Amad-Jamal - Barely Hanging On: The Chronicles of a Brotha Like Rodney King

Amad-Jamal has been a part of the LA hip hop scene since the early ‘90s, first recording as part of the Soul Survivors along with DJ Khalil and RaSudan Daaood. After recording with groups and on other artists’ tracks, Amad-Jamal has finally been given a chance to shine as a solo artist. It may have taken him a while to get here, but he’s displaying plenty of staying power with this album.

D-Sisive - Jonestown 2: Jimmy Go Bye Bye

D-Sisive is a Toronto-based emcee. After a prolonged absence from making music for much of the 2000s, he reemerged as a prolific artist (this is his fourth album since 2009) with plenty to say. Jonestown was released in 2009, but Jonestown 2 stands on it own, so no previous knowledge is required. All you need is love for solid production based on quality soul music samples and smart, sarcastic lyrics that give way to a moving emotional experience.

Jet Age of Tomorrow - Journey to the 5th Echelon

Before I get to the music, I have to acknowledge what an amazing job hip hop collective Odd Future Wolf Gang Kill Them All did in building an Internet hype machine. Without any serious label support (Tyler, the Creator recently signed with XL), they’ve spread their music and videos virally, giving away the albums for free via their Tumblr page. After a short period of time, this L.A.-based group of kids (none of them are old enough to drink) convinced the right people that they’re brilliant, landing praise from such publications as Pitchfork, Fader, LA Weekly and Rolling Stone, and securing a performance on Late Night with Jimmy Fallon.

IMAKEMADBEATS - IMAKEMADBEATS

IMAKEMADBEATS, also known as Nemo, is a producer based out of Brooklyn. He previously released a full-length with Roc C and worked with artists such as Rah Digga. This album marks his solo debut. My first complaint here is his moniker. While I Make Mad Beats would be a good title of a producer’s solo debut, it’s incredibly awkward as an artist’s name. There are a few skits on the album that play with his name, but I find the skits confusing and they disrupt the flow of the album.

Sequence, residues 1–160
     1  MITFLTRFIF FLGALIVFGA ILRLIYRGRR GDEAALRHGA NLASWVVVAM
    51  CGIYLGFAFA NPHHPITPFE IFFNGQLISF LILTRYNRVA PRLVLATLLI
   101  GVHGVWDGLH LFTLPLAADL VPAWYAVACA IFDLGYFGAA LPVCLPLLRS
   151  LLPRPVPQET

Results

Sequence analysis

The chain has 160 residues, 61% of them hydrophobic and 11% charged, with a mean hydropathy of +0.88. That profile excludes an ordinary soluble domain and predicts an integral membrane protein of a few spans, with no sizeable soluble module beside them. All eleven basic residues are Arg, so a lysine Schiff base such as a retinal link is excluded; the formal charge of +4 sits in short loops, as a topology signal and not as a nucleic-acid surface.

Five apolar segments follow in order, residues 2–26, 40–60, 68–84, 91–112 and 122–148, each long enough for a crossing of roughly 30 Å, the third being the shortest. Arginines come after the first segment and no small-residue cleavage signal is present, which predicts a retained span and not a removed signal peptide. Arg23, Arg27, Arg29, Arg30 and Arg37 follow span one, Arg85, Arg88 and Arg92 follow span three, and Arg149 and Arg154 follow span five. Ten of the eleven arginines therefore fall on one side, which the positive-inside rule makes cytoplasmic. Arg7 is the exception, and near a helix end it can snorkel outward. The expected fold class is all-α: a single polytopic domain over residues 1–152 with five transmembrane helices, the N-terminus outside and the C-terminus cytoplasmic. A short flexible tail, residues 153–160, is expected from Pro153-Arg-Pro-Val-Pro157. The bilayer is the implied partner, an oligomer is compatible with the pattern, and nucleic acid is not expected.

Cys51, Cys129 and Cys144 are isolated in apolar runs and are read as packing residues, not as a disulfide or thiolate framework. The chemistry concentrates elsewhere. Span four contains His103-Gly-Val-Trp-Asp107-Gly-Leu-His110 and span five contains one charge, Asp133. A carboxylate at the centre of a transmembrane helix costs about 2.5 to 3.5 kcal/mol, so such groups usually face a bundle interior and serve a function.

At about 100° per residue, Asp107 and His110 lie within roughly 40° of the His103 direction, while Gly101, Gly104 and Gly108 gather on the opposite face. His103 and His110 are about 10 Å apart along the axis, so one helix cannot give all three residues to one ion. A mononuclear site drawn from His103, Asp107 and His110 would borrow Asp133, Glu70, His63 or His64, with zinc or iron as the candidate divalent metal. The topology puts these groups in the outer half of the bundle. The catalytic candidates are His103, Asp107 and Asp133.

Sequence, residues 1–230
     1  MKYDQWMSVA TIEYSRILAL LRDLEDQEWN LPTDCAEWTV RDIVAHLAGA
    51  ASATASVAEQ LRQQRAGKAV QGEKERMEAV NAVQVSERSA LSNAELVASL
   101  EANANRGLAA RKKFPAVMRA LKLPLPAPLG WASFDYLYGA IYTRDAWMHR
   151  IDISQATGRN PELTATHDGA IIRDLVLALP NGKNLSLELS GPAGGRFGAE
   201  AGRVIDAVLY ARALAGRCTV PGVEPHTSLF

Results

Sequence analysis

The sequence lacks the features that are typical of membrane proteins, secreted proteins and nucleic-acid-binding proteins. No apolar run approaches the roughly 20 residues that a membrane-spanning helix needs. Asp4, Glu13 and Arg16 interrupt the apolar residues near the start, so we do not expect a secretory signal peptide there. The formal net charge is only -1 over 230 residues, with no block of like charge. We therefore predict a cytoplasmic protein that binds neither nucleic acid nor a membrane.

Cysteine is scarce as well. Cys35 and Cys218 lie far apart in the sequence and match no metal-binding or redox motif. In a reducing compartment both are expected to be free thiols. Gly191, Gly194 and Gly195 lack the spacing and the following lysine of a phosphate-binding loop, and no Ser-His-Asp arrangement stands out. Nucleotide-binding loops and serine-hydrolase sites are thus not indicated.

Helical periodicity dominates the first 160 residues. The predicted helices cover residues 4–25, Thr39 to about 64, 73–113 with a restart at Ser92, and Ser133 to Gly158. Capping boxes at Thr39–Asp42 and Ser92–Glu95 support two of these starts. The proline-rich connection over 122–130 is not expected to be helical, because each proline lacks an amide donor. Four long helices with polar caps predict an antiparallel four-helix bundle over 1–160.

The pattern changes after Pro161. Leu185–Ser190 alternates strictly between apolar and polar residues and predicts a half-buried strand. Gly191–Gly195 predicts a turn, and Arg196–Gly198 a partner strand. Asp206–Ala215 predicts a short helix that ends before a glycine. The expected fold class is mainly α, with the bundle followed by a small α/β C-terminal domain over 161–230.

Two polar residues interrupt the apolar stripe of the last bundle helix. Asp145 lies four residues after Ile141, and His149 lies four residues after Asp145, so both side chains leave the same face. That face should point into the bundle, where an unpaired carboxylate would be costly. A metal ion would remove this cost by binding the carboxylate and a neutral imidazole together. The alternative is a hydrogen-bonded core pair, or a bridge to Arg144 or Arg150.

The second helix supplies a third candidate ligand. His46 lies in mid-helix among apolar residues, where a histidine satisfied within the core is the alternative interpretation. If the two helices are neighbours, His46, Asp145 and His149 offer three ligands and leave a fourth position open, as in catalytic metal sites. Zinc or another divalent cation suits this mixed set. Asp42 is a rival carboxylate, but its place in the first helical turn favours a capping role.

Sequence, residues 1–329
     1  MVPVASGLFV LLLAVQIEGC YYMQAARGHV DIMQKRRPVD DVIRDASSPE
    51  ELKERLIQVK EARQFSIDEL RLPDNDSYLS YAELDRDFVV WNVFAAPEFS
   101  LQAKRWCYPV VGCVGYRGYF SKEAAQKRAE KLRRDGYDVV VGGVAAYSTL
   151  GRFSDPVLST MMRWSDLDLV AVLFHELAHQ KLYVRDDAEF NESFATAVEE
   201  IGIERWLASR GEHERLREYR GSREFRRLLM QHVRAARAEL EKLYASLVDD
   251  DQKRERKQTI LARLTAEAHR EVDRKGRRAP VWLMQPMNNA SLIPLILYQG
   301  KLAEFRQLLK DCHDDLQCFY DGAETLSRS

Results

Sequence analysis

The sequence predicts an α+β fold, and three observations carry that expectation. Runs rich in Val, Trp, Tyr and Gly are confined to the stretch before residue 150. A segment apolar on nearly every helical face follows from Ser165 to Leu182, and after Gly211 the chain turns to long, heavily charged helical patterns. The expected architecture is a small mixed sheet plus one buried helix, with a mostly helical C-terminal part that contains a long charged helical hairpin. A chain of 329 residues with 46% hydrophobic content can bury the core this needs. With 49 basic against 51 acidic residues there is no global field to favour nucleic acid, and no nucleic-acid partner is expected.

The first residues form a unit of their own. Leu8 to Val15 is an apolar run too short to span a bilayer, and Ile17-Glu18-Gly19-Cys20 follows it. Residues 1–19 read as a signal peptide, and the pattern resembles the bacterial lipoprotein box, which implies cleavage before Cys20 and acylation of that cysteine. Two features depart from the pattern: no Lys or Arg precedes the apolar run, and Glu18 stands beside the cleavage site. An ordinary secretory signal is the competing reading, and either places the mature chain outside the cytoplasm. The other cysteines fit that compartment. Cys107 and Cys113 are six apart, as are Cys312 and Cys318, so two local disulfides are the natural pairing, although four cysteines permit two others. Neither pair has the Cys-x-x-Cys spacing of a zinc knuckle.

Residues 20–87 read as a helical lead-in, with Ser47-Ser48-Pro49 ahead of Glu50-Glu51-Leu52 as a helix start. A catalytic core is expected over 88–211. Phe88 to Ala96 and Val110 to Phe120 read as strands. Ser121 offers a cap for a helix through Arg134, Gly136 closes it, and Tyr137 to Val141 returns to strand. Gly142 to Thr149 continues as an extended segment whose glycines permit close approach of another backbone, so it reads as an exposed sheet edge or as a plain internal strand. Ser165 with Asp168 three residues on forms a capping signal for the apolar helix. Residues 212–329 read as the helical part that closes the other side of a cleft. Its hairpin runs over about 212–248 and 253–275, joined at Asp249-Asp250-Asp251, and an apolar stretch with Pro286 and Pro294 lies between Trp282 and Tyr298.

Elusive - Hip Hop For Hipsters

Elusive is a Los Angeles-based producer who has been releasing records for years and has worked just about everybody in the California underground, from Gift of Gab to Planet Asia to Living Legends. I was particularly intrigued by the title of this collection, since everybody has a slightly different idea as to what a hipster is, and what they listen to. Naturally, I was curious as to how Elusive was going to address this.

Dimlite - My Human Wears Acedia Shreds

Swiss producer Dimlite has been making music for a while now, but is just now beginning to make his mark stateside. After an appearance on Everything She Touched Turned to Ampexian by Prefuse 73, last year’s Prismic Tops and now this EP being released on Now-Again, those of us in the U.S. are finally catching on to what those in Europe have known for years - Dimlite is a very talented musician.

Andre Afram Asmar - Harmonic Emergency

Andre Afram Asmar debuted on Mush in 2003 with Racetothebottom, an album that people noticed for its eclectic mix of hip hop dub, Middle Eastern, and Latin American music. He tried to put together another album, but battled a debilitating aneurysm. It was a tragic setback, but he persevered. After years of hard work, Asmar finally has his follow-up record. Harmonic Emergency starts with the same ingredients that Racetothebottom used. Asmar’s preference is to work with live musicians, and then apply dub and hip hop production techniques to develop the final product.

Talib Kweli - Gutter Rainbows

Less than a year after the release of his collaboration with Hi-Tek on the second Reflections Eternal album, Brooklyn emcee Talib Kweli returns with his fourth solo album. It was originally planned to be a digital release, but he heard the cry of die-hard fans who wanted a physical copy, and responded with a limited edition release. I think the most fitting place to begin discussion of this album is the song “Palookas,” which features the line “You ain’t got a verse better than my worse one.

The Insane Warrior - We Are The Doorways

We’ve already seen a lot of sides of the artist known as RJD2. We’ve seen him produce hip hop records with old soul records, take apart and reconstruct rock records, write songs on guitar, and write electronic dance records. He’s collaborated with numerous artists. For all we’ve seen though, RJ shows us that he’s not done exploring his musical influences and trying new ideas. For his latest project he tries something new - an alter ego.

Verbal Kent - Save Yourself

Chicago emcee Verbal Kent has been on his grind for about ten years. He’s never really bothered with pushing himself on a national level, preferring instead to carve out a small niche. On his sixth solo album, he’s enlisted Pete Rock, Masta Ace, Sadat X, One Be Lo, and Apollo Brown, among others. From the beginning of the album, I thought I’d be conflicted about this album. The opening track, “Same,” produced by Kelakovski, never comes together.